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Tackling Pain in Laikipia County

Author: Hannah Njoroge
16 June 2017

“Vital signs are taken seriously, if pain was assessed with the same zeal as the other vital signs, it would have a much better chance of being treated,” Dr. James Campbell, MD. His words are a wakeup call; suggesting lack of proper pain management techniques to help ease pain and yet the number of people going through pain globally is alarming. Maybe some health workers do not even pay much attention to pain and the effects it has in the life of a patient. However, there is light at the end of the tunnel considering that different health institutions and organizations have since adhered to this call and are now on the front line advocating for proper pain management as a way of improving patient’s quality of life.

Pain is a feeling that we all dread; more so because its effects are so intense and can lead to torture. That is why through the support given by Treat the Pain, Kenya Hospices and Palliative Care Association (KEHPCA) has been sensitizing people on different pain management concepts so as to make it the 5th vital sign.

KEHPCA’s Director of Programs and Advocacy Officer, Dr. Asaph Kinyanjui and Mr. David Musyoki respectively, facilitated a pain management symposium at Nyahururu County Referral Hospital and Nanyuki Teaching and Referral Hospital. Both hospitals are in Laikipia County, and Nyahururu hospice is located in Nyahururu hospital. Moreover, both hospitals serve patients from within and outside the County and therefore pain management knowledge is necessary for them. Participants were also drawn from Ol Kalou Hospital in Nyandarua County.

The two training sessions were remarkable; attracting multidisciplinary teams. To kick off the training, a pre-test was done and a post-test concluded it; the post-test indicating an improvement in performance which translates to more knowledge gained.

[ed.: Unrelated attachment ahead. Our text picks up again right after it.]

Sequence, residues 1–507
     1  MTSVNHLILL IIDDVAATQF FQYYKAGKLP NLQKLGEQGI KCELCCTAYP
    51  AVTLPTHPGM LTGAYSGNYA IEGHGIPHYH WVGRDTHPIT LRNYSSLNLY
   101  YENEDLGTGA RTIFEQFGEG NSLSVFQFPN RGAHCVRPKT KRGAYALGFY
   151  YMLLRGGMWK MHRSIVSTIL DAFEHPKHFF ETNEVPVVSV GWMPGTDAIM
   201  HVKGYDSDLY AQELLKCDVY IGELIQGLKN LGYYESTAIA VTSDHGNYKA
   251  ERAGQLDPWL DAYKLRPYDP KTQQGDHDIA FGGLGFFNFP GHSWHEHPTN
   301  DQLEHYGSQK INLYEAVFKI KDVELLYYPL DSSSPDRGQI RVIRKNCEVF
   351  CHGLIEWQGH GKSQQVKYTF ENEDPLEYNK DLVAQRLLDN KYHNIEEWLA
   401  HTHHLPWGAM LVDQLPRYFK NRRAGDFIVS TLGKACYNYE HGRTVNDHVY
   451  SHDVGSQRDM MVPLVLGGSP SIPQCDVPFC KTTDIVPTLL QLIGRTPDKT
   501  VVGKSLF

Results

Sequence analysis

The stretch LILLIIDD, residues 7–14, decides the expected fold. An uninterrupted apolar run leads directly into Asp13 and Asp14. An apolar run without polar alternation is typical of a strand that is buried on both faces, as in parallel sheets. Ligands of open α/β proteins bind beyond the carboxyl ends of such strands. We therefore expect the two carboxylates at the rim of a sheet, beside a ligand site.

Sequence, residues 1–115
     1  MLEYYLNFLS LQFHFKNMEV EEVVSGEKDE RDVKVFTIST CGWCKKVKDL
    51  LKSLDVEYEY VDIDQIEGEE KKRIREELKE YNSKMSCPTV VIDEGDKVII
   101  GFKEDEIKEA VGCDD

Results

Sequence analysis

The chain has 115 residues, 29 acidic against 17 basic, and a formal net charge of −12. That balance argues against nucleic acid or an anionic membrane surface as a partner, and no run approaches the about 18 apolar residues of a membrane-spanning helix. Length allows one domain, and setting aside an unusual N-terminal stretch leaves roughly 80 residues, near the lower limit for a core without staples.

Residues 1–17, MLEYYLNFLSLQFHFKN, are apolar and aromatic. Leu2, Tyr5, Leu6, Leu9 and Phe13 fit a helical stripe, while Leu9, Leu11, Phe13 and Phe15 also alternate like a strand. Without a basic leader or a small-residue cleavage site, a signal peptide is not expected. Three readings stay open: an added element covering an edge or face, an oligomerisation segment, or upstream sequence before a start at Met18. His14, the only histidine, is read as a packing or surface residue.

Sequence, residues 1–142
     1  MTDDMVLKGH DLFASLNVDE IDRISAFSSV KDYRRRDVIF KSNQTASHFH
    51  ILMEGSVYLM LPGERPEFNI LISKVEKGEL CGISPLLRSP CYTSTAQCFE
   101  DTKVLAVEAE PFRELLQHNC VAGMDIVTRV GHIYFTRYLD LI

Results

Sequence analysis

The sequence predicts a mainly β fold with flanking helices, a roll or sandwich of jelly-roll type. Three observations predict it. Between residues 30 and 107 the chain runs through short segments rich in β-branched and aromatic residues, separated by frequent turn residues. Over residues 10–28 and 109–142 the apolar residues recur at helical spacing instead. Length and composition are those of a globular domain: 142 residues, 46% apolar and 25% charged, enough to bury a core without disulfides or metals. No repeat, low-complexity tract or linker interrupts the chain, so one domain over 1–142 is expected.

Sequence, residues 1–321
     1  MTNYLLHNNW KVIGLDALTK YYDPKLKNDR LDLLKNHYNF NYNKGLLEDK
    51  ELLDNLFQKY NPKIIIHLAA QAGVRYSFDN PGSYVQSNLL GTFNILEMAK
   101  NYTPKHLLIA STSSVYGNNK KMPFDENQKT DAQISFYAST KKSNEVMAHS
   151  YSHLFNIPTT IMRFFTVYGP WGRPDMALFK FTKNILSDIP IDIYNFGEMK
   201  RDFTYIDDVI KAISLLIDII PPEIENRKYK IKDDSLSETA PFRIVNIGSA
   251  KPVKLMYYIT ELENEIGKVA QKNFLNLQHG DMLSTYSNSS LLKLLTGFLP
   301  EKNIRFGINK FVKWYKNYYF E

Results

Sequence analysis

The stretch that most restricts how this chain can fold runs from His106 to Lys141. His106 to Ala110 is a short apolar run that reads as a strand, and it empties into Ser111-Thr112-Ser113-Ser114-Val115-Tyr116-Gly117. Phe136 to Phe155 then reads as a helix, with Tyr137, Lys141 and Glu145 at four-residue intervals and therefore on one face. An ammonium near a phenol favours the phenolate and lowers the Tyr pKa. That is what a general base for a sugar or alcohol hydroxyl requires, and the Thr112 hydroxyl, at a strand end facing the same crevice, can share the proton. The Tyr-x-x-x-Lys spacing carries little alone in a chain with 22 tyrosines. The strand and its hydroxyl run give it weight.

“We need more of these sessions to inform our practice. A day never passes without attending to a patient in pain. The knowledge gained will enable us manage pain better,” said one of the participants from Nanyuki Teaching and Referral Hospital.

The sessions were rather informing for most of them; some expressing their shock after learning that  the opioid medicine Pethidine is no longer in the essential medicines list yet there are hospitals prescribing it to patients in pain. They promised to share that information with the pharmacists so that they can adhere to the guidelines.

The management from the two hospitals reaffirmed their commitment in supporting pain management programs and everything palliative care entails.

“Most of the patients who come have some level of pain and we need be able to manage their pain in a more professional way,” said Dr. Kamande, the Medical Superintendant at Nyahururu Hospital.

KEHPCA will continue supporting the two hospitals even as we work towards ensuring that quality  palliative care is accessible and affordable to everyone in need in this country.

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